To address the modern political task of listening to the voices of excluded others, this paper will propose “the politics of voice” based on the thought of the American philosopher Stanley Cavell. It begins with a critique of Kelz's comparison, in political terms, between Cavell and Judith Butler. Butler's politics constantly challenges the norm by confronting its finitude and opening it to infinite possibilities so that the opinions that are currently invisible can be recognized. No matter how much existing knowledge is thus renewed, however, the actual understanding of others with this new knowledge will remain narcissistic unless one gets out of the objectifying construction of “Othering” in which “I know you.” In contrast, Cavell teaches us another sphere of politics, where acknowledging others is indivisible from self-acknowledgment in that our “voices”—particular ways of inhabiting our everyday lives constituted by general knowledge—are simultaneously discovered in the form of finding out that they are absolutely different by accepting human epistemic finitude. After demonstrating the complementarity of Cavell's and Butler's politics through the example of slavery, I shall explore the prospects for political education from their respective ways of engaging with language.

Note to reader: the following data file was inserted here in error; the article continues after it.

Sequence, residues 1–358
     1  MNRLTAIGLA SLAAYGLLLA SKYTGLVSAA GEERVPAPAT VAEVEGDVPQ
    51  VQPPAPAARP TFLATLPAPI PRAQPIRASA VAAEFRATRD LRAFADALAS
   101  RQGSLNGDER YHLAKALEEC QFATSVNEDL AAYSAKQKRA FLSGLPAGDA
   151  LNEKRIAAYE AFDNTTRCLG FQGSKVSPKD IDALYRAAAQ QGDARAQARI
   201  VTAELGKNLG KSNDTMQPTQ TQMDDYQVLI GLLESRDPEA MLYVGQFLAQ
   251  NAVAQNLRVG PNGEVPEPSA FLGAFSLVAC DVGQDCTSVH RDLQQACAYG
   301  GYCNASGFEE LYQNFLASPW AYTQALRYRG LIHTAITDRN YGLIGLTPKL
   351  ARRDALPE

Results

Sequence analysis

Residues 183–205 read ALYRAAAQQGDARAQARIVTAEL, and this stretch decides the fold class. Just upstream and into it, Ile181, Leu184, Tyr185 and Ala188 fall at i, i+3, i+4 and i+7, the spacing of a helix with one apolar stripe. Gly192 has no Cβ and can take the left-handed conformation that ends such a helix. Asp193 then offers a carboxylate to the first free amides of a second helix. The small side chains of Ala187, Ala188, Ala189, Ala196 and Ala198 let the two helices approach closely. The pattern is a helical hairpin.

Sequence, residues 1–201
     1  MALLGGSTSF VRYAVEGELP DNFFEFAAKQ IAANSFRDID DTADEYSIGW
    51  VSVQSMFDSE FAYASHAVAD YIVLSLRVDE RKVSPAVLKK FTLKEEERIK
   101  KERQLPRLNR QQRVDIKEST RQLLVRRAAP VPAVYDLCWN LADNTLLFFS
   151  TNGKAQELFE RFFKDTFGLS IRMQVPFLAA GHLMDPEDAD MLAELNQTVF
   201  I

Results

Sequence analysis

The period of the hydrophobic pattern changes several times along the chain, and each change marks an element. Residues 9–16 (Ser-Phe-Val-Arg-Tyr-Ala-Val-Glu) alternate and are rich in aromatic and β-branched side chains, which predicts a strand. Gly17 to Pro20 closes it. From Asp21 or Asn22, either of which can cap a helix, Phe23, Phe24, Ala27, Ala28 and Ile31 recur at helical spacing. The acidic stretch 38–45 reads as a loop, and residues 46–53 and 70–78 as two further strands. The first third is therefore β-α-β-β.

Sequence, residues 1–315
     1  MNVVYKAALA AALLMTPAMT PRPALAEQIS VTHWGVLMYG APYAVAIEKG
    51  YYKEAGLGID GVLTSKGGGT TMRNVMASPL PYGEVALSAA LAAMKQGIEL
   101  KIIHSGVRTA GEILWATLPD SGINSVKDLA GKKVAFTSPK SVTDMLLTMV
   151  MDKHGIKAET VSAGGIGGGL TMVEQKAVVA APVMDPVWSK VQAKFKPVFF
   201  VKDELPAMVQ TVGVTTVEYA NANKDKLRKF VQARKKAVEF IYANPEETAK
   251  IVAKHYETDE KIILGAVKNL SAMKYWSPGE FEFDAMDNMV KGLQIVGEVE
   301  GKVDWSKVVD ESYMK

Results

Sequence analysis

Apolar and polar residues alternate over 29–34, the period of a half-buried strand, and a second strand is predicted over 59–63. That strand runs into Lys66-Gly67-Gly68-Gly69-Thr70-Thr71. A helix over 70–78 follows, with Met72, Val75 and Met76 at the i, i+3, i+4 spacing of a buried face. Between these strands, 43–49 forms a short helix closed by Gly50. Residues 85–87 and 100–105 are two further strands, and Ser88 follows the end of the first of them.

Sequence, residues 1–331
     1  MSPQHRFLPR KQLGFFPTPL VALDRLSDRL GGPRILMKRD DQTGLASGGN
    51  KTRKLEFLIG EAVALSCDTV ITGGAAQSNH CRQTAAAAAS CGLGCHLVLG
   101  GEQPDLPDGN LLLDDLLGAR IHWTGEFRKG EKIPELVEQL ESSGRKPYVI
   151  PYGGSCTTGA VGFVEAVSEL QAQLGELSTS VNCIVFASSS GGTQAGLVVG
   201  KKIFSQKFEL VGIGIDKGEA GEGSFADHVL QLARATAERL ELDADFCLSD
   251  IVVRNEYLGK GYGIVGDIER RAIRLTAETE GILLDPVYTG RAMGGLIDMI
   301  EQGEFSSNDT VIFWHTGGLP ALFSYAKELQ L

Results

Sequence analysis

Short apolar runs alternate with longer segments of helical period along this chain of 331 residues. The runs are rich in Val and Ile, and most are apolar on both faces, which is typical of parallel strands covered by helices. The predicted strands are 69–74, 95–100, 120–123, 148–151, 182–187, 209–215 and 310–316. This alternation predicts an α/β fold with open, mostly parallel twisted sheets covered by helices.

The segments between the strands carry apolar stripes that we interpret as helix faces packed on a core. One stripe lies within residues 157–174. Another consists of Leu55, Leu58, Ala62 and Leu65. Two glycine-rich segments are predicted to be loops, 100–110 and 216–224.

This paper discusses the significance of passions in political education through the consideration of Chantal Mouffe's agonistic democracy. Mouffe points out the role of the passions that facilitate organizing political identities, and presents the risks of eliminating passions. The liberal interpretation of democracy intends to eliminate passions that prevent people achieving a rational consensus. On the other hand, the emphasis on rationality makes it easy for right-wing populism to mobilize people's passions. In other words, the elimination of passions creates a situation in which dialogue with other political identities is difficult: this is the contradiction of the liberal interpretation of democracy. To avoid this, Mouffe suggests channels that express collective passions as democratic designs to disarm antagonistic passions. Mouffe's democratic theory indicates the risk of a too optimistic understanding of the passions in political education which takes deliberative approaches. Also, this result suggests the necessity of reconsidering the position of passions in the political education. From the perspective of Mouffe's agonistic democracy, the role of political education should be regarded as not elimination of passions but sublimation of antagonistic passions. To achieve this sublimation, we should facilitate participation in democratic practices. However, sublimation of antagonistic passions through democratic institutions is not always successful. If antagonistic passions are expressed in destructive forms, what should we do? This paper touches only briefly on this point. Further studies are needed in order to contribute to this issue.